Samsung has been making dSLR-style mirrorless interchangeable-lens models for years, but like many competitors they've suffered from performance issues. The company finally steps up its game with the NX1, a high-performance, high-quality camera that goes head-to-head with models like the -- and quite effectively.
Overall, the NX1 produces excellent photos; sharp, with a solid dynamic range and great color accuracy. The highlight detail could be a bit better, but that's really my only quibble. Default noise processing seems to err on the side of smoothness over detail above ISO 1600. Shooting raw can usually improve the detail but only by accepting additional grain, and will sometimes gain you some improvements in tonal range.
Photos look clean up to ISO 800 and remain very good through ISO 1600. By ISO 3200, you can start to see color noise in blacks and grays in JPEGs. That can be fixed in the midrange ISO sensitivities by tweaking the settings or by shooting raw.
From what I can tell, the video quality is extremely good, with minimal artifacts and nice tonality, and 4K is really sharp. I say "from what I can tell," because the only way to view the nativevideo is with Cyberlink's Power Media Player; player software tends to do things like bump up the contrast when it renders to screen. In order to get the bundled version, you have to connect the camera to your system and use Samsung's iLauncher software. To edit the video, at least at the moment, you'll need to transcode it first. We went through the same thing when HD first rolled out, but it's never pleasant to live through the anarchy.
The NX1 is an excellent performer, with the exception of battery life. While its 500 shots from a fully charged battery is quite good for a mirrorless model, it's generally disappointing for a camera in its price class. Though it's not that much worse than the 7D Mark II's lifespan between recharges, that camera's is pretty disappointing. (A dSLR in its class should get closer to 1,000 shots on a battery charge.)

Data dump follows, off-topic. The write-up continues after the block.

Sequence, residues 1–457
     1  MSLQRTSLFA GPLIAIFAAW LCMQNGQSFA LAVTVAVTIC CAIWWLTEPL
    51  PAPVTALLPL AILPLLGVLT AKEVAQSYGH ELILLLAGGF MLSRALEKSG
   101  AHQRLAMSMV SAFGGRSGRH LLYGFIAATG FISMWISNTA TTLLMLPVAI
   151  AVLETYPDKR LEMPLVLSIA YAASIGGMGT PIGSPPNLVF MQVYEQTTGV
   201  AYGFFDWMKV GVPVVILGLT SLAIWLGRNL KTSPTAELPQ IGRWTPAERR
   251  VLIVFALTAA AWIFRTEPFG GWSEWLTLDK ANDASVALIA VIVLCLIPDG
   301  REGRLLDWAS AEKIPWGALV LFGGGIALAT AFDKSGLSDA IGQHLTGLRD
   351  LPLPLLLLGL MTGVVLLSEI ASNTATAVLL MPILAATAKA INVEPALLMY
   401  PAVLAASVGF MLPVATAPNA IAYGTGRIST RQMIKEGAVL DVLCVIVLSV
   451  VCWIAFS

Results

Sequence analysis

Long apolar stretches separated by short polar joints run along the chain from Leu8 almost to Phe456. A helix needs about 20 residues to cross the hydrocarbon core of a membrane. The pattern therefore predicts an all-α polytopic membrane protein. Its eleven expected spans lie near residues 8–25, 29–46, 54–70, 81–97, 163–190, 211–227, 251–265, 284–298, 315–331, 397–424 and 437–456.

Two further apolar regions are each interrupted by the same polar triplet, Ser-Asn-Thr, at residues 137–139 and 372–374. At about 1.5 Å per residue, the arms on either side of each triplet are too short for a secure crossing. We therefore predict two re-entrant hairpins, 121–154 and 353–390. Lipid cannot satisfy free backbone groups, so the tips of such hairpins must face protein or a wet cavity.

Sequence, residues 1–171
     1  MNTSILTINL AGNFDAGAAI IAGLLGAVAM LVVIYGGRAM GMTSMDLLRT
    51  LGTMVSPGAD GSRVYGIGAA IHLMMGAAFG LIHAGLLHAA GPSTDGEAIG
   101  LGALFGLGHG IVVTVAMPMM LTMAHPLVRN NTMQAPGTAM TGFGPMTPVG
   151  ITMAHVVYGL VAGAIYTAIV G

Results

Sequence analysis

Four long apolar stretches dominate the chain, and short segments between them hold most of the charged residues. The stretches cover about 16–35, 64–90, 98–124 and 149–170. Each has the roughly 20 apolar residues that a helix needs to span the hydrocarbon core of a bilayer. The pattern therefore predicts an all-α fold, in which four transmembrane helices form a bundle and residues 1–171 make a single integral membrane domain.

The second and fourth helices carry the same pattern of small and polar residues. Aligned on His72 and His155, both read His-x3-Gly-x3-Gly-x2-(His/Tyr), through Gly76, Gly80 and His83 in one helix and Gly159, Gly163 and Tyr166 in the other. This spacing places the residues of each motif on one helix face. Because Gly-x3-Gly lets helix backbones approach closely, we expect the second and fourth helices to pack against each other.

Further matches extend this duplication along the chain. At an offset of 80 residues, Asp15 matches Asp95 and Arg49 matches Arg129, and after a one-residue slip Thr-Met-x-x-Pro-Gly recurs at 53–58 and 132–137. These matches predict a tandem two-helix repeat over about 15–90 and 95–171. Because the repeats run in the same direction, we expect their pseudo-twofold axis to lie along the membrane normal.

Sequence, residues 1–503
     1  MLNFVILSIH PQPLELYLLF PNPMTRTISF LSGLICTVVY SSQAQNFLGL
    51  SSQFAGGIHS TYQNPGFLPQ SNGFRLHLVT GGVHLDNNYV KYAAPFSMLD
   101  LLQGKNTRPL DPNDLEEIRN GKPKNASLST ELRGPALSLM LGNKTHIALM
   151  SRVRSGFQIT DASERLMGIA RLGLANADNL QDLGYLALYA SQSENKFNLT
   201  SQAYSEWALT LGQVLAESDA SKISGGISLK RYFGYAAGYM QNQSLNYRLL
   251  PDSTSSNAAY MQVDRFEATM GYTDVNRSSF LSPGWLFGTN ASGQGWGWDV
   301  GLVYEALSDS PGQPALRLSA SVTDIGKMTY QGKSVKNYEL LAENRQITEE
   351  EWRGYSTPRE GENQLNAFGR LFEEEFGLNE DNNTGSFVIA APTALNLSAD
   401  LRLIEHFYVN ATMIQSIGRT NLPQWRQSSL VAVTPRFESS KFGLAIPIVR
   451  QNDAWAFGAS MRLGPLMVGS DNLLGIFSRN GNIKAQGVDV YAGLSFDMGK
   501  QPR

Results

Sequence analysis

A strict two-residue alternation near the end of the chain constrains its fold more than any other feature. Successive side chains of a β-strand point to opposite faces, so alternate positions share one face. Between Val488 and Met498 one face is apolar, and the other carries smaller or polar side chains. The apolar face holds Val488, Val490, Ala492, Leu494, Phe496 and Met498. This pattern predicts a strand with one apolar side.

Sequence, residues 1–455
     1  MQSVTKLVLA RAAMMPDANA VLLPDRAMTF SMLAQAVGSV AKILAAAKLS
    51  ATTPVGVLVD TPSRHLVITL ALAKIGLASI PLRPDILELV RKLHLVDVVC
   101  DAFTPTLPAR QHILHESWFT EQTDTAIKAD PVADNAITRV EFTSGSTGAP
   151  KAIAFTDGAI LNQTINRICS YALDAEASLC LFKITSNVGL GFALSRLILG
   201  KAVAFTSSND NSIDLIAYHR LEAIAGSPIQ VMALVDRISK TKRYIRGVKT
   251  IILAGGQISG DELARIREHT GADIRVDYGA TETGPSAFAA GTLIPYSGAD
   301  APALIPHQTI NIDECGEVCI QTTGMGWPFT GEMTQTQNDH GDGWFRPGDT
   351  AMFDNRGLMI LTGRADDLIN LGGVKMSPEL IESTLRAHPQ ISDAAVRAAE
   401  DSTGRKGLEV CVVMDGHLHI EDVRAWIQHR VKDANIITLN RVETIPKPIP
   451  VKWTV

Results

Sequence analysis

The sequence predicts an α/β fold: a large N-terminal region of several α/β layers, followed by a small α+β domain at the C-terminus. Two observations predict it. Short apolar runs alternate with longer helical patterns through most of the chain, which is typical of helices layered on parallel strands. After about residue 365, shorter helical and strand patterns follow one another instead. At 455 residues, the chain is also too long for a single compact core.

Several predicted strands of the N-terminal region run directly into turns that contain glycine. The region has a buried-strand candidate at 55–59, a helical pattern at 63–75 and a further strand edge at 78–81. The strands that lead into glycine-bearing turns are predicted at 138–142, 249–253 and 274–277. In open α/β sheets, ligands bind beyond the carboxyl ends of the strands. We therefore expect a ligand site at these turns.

It takes just under a second to power on and shoot; fast for a mirrorless, but not as fast as a typical $1,500 dSLR. Otherwise, it fares well compared to dSLRs and to the fastest competitor we've tested thus far, the(with the lastest firmware). Time to focus and shoot runs roughly 0.2- to 0.3-second in all lighting conditions. The same goes for two sequential shots, both raw and JPEG; adding flash recycle time increases it to 1.1 seconds, which is quite good.
The NX1 hits continuous shooting out of the park from a frame-rate perspective. It can sustain 14.4fps for an essentially unlimited number of best-quality JPEGs with autofocus -- greater than 85, at least, under our test conditions. Under optimal conditions -- greater than 1/500 sec and with a 280MB per second U3 UHS II SanDisk Extreme Pro card -- it reached 15.0fps in our testing. One caveat is that it's only capable of its fastest focus with the 16-50mm and 50-150mm lenses, which are nice lenses, but costly.
It can burst at about 14.5fps for 21 frames in raw, though when it slows it slows for 6 frames, then slows more, which I find harder to deal with than when the camera slows consistently. At least then you know how to compensate. I shot quite a bit of JPEG+raw on continuous, and though it couldn't sustain a long burst, it was sufficient for a few seconds at a time, and recovered relatively quickly -- there isn't as long a wait for it to save as there is with the E-M1. I also found 15fps too fast in many situations, and tended to drop it to 12fps or 10fps.
The biggest continuous-shooting issue is the lack of tracking autofocus when shooting through the viewfinder. It grabs focus quickly, but you have to pan, and if you're too fast or slow it locks on something else. If you shoot via the LCD you can use touch focus to assign the object to track, but that's really impractical. Also, for continuous AF, unless you go into the AF Release Priority menu, choose focus priority and then further choose accuracy priority, the results can be too inconsistent and it will more-than-occasionally miss focusing entirely. However, even 12 frames-per-second panning at f2.8 using the 50-150mm lens, I was able to get more in-focus shots than I expected.
The camera uses phase-detection for movie recording and Samsung claims focusing characteristics similar to those of Canon's Dual Pixel CMOS in the, and as far as I can tell there's no pulsing or excessive hunting.